Truck Management: A never-ending battle

|  October 04, 2007 |

It seems like everything comes harder in Alaska. The freezing winters, rough terrain and isolated living and working conditions can make what passes for routine maintenance chores in the lower 48 states shut an entire construction business down for hours or even days.

Seventeen years ago, Jim Huffman was a single-truck owner-operator running over-the-road freight. Like any good owner-operator, he paid close attention to tread wear, tire pressure and the ill effects of high speed. Today, Huffman is vice president of Black Gold Express, a mine haul operation serving the Fort Knox mining complex near Fairbanks, Alaska. His job may have changed, but Huffman is still paying attention to tire wear – although doing so can be downright depressing. “Between the rocks, mud and ice, the Fort Knox mine can be an absolute tire killer,” Huffman explains. “It’s a place where tire life is measured in months, not miles.”

The gold deposits at Fort Knox are considered low-grade, with the ore peppered throughout with hunks of granite and veins of quartz that can slice through tire rubber like butter. Miners scrape away nearly 115,000 tons of material every day, seven days a week, 365 days a year. Half is waste rock that is hauled to storage dumps, while the other half is stockpiled and fed into a crusher to begin the gold-extraction process.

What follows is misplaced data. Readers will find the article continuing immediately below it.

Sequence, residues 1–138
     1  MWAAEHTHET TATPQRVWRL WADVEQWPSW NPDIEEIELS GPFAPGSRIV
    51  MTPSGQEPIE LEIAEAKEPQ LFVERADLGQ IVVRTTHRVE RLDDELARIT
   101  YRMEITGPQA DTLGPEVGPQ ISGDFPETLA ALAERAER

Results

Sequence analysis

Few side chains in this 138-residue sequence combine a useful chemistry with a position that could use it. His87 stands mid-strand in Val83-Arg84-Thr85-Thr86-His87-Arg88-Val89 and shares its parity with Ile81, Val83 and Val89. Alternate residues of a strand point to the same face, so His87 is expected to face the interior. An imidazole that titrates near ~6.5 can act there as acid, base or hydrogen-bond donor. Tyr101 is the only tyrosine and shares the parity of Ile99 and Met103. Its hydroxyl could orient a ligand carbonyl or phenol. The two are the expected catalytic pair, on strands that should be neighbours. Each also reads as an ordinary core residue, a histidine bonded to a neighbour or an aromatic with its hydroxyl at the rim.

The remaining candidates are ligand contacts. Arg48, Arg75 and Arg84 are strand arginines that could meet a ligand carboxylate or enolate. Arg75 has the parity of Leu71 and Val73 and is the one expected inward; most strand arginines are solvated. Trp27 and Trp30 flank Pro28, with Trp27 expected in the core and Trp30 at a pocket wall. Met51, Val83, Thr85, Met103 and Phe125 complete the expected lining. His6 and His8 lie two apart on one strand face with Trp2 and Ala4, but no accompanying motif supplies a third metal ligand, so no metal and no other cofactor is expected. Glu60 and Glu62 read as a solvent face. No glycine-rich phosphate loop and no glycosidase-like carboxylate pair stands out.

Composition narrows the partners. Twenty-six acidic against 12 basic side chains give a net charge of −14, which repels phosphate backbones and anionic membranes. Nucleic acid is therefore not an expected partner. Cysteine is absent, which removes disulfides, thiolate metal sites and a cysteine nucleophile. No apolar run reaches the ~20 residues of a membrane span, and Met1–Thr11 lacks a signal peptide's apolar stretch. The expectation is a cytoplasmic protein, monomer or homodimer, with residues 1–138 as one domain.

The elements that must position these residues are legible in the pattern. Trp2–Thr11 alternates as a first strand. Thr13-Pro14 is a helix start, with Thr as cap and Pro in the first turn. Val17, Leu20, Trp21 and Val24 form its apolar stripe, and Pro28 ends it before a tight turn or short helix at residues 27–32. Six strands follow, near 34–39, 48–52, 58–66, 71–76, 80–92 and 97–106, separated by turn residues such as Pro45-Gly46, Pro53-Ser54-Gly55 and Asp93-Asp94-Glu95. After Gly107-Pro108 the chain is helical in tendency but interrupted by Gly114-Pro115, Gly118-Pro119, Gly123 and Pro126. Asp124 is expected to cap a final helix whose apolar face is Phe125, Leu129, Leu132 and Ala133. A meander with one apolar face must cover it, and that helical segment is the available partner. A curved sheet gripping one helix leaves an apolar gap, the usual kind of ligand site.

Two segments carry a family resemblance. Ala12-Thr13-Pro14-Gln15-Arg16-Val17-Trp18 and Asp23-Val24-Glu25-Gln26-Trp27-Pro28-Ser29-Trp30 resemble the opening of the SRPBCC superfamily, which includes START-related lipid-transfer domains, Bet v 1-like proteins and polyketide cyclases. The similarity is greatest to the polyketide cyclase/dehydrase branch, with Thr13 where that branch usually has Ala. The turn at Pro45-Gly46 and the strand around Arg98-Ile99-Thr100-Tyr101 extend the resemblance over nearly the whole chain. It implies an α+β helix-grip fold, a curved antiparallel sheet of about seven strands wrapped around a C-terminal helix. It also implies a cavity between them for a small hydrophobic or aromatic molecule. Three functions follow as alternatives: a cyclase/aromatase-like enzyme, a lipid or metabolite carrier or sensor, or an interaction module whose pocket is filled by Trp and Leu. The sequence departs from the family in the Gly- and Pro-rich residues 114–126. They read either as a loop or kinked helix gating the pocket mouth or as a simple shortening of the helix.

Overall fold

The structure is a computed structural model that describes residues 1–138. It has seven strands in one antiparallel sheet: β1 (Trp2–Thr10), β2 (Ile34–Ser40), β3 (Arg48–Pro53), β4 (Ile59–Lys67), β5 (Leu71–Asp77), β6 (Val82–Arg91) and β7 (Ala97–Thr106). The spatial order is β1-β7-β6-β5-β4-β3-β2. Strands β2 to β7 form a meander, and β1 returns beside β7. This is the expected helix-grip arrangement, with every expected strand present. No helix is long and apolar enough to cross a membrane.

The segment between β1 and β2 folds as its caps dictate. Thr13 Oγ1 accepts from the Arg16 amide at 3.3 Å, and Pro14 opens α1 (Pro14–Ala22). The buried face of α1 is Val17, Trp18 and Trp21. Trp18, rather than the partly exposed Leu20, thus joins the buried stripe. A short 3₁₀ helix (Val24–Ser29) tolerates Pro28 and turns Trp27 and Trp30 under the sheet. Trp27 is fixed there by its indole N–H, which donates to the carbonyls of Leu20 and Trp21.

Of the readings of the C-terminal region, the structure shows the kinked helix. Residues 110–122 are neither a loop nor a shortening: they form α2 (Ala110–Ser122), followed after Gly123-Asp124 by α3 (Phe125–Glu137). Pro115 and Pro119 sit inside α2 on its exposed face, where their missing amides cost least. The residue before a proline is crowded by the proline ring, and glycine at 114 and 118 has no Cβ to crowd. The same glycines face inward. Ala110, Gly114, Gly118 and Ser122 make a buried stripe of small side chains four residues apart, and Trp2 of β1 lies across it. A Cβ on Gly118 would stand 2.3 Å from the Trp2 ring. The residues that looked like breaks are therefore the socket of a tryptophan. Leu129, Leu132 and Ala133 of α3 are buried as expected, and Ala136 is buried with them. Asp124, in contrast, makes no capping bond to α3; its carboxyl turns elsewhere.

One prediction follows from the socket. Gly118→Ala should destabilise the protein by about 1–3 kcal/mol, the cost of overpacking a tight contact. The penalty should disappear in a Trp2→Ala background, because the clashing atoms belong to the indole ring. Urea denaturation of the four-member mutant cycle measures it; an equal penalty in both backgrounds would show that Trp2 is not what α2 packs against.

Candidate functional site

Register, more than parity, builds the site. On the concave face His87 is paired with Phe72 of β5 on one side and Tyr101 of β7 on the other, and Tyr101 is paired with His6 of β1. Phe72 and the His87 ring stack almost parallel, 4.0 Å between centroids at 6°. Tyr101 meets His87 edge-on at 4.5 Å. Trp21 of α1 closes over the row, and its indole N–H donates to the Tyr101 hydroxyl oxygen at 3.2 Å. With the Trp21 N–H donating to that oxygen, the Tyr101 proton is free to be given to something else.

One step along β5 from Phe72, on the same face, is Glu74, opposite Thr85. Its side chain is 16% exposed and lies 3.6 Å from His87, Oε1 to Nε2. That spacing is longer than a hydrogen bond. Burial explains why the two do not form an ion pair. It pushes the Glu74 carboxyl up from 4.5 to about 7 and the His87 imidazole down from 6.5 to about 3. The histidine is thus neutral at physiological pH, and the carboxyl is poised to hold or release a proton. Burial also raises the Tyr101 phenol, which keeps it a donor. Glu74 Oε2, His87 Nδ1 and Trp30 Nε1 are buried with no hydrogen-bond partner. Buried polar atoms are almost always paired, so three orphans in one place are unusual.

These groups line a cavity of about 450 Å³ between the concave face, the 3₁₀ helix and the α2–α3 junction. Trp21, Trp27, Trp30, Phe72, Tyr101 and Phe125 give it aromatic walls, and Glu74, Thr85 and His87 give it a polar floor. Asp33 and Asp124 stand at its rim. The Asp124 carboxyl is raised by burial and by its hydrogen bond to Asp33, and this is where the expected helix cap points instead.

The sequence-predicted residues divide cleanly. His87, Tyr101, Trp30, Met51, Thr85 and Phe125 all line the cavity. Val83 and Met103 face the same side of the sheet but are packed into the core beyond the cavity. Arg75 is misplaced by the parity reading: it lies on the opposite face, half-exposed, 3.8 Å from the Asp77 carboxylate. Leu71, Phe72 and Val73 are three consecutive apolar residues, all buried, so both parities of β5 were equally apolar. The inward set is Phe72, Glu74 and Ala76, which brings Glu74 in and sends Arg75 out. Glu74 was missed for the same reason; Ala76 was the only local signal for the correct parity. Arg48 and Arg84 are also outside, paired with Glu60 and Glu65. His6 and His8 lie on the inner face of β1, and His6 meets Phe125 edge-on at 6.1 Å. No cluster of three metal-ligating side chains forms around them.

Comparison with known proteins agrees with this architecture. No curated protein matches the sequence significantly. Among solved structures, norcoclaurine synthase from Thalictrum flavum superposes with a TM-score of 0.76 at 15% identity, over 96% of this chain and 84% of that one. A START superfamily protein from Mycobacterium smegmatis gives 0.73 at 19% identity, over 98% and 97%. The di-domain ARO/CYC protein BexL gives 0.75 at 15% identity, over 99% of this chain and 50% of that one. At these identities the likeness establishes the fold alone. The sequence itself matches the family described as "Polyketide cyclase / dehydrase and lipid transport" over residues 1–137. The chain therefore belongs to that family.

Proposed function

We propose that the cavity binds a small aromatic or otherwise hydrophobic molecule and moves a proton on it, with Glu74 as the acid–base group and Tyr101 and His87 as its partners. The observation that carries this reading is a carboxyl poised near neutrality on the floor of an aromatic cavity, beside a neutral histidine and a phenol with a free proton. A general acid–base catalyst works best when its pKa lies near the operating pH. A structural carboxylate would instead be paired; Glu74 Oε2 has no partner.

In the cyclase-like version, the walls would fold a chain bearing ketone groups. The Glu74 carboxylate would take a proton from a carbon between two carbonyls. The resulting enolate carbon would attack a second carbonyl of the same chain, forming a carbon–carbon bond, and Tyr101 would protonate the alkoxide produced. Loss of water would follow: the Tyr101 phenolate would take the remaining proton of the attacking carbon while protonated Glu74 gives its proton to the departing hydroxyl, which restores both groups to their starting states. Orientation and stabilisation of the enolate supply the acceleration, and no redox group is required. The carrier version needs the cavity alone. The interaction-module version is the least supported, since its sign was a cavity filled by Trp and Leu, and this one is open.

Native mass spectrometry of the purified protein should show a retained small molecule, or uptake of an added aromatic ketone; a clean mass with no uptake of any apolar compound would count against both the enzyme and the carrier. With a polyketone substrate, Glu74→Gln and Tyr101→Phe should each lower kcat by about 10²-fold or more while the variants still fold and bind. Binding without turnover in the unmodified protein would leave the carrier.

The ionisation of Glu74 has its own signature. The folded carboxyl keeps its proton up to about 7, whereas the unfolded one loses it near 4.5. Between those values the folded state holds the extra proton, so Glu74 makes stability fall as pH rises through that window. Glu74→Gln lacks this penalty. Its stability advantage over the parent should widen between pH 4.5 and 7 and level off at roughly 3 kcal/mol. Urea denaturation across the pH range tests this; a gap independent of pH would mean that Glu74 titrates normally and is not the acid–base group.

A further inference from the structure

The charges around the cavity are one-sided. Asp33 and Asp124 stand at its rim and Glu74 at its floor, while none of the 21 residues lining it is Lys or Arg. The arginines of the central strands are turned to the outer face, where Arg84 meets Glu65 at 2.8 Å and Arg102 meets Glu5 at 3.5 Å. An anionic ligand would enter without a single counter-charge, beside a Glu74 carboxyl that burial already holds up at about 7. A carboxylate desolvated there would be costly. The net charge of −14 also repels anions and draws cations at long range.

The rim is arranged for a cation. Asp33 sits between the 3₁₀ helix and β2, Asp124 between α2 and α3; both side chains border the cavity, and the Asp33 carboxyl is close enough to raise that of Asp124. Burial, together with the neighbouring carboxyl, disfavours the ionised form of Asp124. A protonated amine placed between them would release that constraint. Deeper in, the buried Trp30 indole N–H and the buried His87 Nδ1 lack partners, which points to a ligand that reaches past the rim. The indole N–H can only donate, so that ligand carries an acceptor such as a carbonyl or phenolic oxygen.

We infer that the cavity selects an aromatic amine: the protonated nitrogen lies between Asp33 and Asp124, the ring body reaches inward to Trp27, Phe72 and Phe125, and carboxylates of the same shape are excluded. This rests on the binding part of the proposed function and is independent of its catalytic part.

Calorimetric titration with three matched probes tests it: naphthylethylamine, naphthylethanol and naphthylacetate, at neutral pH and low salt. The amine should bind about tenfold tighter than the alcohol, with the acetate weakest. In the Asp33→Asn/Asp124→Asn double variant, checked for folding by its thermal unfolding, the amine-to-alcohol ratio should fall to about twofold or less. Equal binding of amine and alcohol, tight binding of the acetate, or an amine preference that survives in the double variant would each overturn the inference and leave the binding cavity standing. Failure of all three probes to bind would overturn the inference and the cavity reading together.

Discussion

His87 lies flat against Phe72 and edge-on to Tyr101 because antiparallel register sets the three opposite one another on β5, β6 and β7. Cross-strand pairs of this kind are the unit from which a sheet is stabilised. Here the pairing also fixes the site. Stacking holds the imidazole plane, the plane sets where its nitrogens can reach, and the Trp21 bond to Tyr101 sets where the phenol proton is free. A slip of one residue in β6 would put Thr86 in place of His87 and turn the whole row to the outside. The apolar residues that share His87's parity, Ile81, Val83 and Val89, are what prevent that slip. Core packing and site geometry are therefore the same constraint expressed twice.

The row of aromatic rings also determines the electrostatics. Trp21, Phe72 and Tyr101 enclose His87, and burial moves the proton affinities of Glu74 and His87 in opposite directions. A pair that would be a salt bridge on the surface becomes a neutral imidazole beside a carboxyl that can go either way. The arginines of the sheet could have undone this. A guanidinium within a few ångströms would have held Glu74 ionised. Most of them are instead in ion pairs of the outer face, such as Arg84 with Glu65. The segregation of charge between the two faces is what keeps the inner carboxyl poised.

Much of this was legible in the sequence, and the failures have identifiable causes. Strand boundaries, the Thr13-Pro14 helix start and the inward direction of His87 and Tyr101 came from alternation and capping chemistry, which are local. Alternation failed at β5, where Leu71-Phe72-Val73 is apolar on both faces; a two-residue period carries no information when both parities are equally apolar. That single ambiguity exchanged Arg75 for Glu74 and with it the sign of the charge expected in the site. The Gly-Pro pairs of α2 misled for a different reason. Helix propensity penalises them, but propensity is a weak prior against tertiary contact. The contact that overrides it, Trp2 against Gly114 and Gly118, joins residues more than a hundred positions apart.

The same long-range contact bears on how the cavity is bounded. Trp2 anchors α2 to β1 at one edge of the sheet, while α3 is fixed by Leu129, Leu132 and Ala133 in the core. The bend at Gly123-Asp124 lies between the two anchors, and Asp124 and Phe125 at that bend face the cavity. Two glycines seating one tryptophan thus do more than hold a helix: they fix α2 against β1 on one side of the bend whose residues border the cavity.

Huffman’s company specializes in off-highway hauling work. Eight Black Gold rigs carry dirt and rock to the Fort Knox site from a satellite mine nine miles away. As a combination, the tractors with twin 45-foot side-dump trailers gross out at 200,000 pounds and work almost constantly in two 11-hour rotating shifts. Complicating matters is the area’s climate. From October to March, the average temperature is 3 degrees Fahrenheit and the mercury usually doesn’t rise above the freezing mark until May. When it starts to thaw, the ground has the consistency of hog slop.

“Fort Knox is the toughest environment I’ve ever dealt with,” says Huffman. “It’s all off-highway work, and the load and dump sites are littered with rocks. We can’t move every single rock out of the way, but at the same time, grossing all that weight, scraping or rolling over a sharp hunk of granite is very hard on tires.”

In the winter, Huffman expects to get four months from a set of drive tires, and about half that in the summer. “That’s outstanding performance,” he notes. “During spring and fall, we have freeze-thaw conditions that create unstable ground. When we’re forced to chain up, the tires suffer,” Huffman explains. “In the summer, it’s unbelievably muddy. We have to blade off the mud on the road between the satellite mines and Fort Knox and spread a layer of gravel to firm up the road surface. Cold weather is a blessing. The ground freezes and the give us better the traction and the longer the tire life. We don’t have to use tire chains as readily, and we’re not spinning the wheels and chewing up rubber. We’re paid by the ton, so we can’t afford to stop moving because one of our trucks is stuck in the slush or has a flat,” Huffman adds. “We need durability and good grip.”

Steering strength in snow and slush